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A blog for Seattle music lovers of all stripes, from hip-hop and indie rock to jazz and world music.

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You are currently viewing all posts written by Owen R. Smith.

April 22, 2014 at 2:38 PM

Brent Amaker chases immortality with Android Amaker | Feature

Brent Amaker in a new photo taken for the Android Amaker project. Photo by Frank Correa.

Brent Amaker in a new photo taken for the Android Amaker project. Photo by Frank Correa.

Brent Amaker is celebrating his 50th birthday Friday with a show at the Triple Door, so forgive the country music auteur for having immortality on his mind. It’s a theme that permeates his new project, Android Amaker, a concept album and art project about a future version of Amaker that has uploaded his mind into an robotic shell.

To be fair, Amaker had the fantastic on his mind far before his encroaching birthday. He said he’s always been interested in science fiction, but it was a Time magazine cover story, “2045: The Year Man Becomes Immortal,” he saw a few years ago when traveling that got his gears turning for his new project.

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0 Comments | More in Country, R & B/Hip-hop | Topics: brent amaker, frank correa, p smoov

April 21, 2014 at 2:07 PM

Blackberry Smoke lives up to its reputation at the Neptune | Concert review

Blackberry Smoke brought its unique country rock to the Neptune Theatre Friday.

Blackberry Smoke brought its unique country rock to the Neptune Theatre Friday.

It’s always a little awkward when big mainstream country acts get their enormous 12-piece touring bands to “rock out.” It feels artificial, perhaps because they are usually still in complete control.

How comforting, then, to see Blackberry Smoke at the Neptune Theatre on Friday. A down-and-dirty, five-piece band from Atlanta, Ga., that easily recalls Lynyrd Skynyrd and AC/DC, Blackberry Smoke has a pretty big reputation to live up to as a live band after 14 years of relentless touring, and it was impressive to see how easily they wore that burden.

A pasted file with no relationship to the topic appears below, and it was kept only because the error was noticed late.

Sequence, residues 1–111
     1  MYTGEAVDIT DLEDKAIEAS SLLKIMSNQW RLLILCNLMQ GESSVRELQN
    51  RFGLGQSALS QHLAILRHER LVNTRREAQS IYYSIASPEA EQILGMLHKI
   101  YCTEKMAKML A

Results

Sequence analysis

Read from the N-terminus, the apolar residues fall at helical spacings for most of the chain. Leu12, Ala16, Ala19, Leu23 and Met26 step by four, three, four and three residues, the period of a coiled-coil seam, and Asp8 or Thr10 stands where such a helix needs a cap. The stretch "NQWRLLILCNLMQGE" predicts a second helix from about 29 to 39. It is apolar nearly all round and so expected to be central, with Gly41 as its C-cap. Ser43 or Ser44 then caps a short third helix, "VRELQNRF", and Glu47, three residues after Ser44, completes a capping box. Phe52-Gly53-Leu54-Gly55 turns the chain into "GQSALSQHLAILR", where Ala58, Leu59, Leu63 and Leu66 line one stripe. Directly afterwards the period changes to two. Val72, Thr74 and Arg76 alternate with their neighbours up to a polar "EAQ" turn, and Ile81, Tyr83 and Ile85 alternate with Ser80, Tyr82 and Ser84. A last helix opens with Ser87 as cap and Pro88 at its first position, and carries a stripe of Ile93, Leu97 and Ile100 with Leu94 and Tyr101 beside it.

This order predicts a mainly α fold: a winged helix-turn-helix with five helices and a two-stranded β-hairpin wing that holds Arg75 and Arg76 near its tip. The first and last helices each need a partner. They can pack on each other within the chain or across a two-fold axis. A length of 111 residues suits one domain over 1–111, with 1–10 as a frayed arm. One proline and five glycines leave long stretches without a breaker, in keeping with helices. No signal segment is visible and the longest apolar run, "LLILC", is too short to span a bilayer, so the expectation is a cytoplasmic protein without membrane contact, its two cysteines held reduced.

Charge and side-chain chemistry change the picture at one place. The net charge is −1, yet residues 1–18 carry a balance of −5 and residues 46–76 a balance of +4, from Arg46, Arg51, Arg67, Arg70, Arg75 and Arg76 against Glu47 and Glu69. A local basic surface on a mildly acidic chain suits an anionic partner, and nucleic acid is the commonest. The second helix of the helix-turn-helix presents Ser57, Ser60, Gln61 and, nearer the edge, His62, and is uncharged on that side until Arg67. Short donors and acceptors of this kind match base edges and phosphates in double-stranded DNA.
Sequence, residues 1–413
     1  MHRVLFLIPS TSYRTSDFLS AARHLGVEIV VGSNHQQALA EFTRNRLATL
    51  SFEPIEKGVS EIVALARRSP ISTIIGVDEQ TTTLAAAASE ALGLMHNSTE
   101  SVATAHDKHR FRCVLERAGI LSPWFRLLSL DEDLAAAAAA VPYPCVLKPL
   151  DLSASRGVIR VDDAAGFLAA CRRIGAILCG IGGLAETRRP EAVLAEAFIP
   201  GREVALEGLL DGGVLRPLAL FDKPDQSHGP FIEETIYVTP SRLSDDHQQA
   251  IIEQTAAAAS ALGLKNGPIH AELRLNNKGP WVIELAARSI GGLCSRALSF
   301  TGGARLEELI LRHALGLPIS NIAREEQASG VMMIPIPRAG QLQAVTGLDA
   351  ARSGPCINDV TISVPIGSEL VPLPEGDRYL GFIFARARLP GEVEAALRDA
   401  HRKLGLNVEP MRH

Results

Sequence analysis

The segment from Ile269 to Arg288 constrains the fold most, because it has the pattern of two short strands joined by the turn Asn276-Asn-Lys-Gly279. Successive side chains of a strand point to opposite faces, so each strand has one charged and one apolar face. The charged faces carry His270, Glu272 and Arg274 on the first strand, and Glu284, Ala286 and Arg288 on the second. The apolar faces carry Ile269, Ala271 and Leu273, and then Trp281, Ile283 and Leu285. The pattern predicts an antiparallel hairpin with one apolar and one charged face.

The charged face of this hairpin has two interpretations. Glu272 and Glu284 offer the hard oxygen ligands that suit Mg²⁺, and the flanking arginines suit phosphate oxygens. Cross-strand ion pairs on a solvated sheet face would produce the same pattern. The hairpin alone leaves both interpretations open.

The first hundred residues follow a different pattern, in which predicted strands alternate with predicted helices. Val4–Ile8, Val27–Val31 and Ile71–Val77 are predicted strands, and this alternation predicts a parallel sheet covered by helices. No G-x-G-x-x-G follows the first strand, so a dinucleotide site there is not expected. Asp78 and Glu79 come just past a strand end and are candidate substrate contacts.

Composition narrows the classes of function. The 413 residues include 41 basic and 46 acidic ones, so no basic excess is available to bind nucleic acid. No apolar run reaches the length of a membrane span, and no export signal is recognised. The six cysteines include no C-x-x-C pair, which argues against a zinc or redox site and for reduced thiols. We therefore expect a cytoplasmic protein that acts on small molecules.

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0 Comments | More in Country, Rock/Pop | Topics: blackberry smoke, the neptune theatre

April 21, 2014 at 12:01 PM

Old sounds made new at the Tractor | Concert review

St. Paul and the Broken Bones played the Tractor Tavern Saturday with Radio Raheem.

St. Paul and the Broken Bones played the Tractor Tavern Saturday with Radio Raheem.

Neo-soul band St. Paul and the Broken Bones’ first time playing in the state of Washington was Saturday, and a sold-out crowd at the Tractor Tavern rewarded the Birmingham, Ala., band for their journey by showering them with affection.

It was a night of old sounds made new, especially with Seattle band Radio Raheem opening things up. They’re a quirky outfit that mashes together everything from 80s music and a little rap with a little neo-soul/funk vibe. It’s a mouthful, but it’s reflective of the band’s multiple influences, all built around highlighting frontwoman Josie Howell’s commanding vocals. 

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0 Comments | More in Blues, R & B/Hip-hop, Rock/Pop | Topics: radio raheem, st. paul and the broken bones, Tractor Tavern

April 18, 2014 at 1:13 PM

Blackberry Smoke fires up country rock tonight at the Neptune | Concert preview

Blackberry Smoke plays the Neptune Theatre Friday night.

Blackberry Smoke plays the Neptune Theatre Friday night.

Atlanta country rock band Blackberry Smoke has put out just three studio albums in 14 years on three different labels. That’s not usually a recipe for success — or staying power. But they’ve got both thanks to a reputation as relentless road warriors and a passionate fan base that extends to Europe.

It’s all part of doing whatever you have to do to survive in the industry, frontman Charlie Starr said.

“That’s just the music business,” Starr said. “None of us are independently wealthy. Before the days of Kickstarter it was like, ‘Well, we can’t stop touring and make an album because we don’t have enough money.’”

Starr laughed, but only because things are going pretty well for Blackberry Smoke as the “Fire in the Hole” tour hits the Neptune Theatre tonight with opener Delta Saints. The band has a new live album and DVD coming out and is planning on heading into the studio later this year to record its follow-up to 2012′s “The Whippoorwill.” They’re also heading back out to Europe later this year and will play in London, Paris and Berlin. 

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0 Comments | More in Country | Topics: blackberry smoke, delta saints, neptune theatre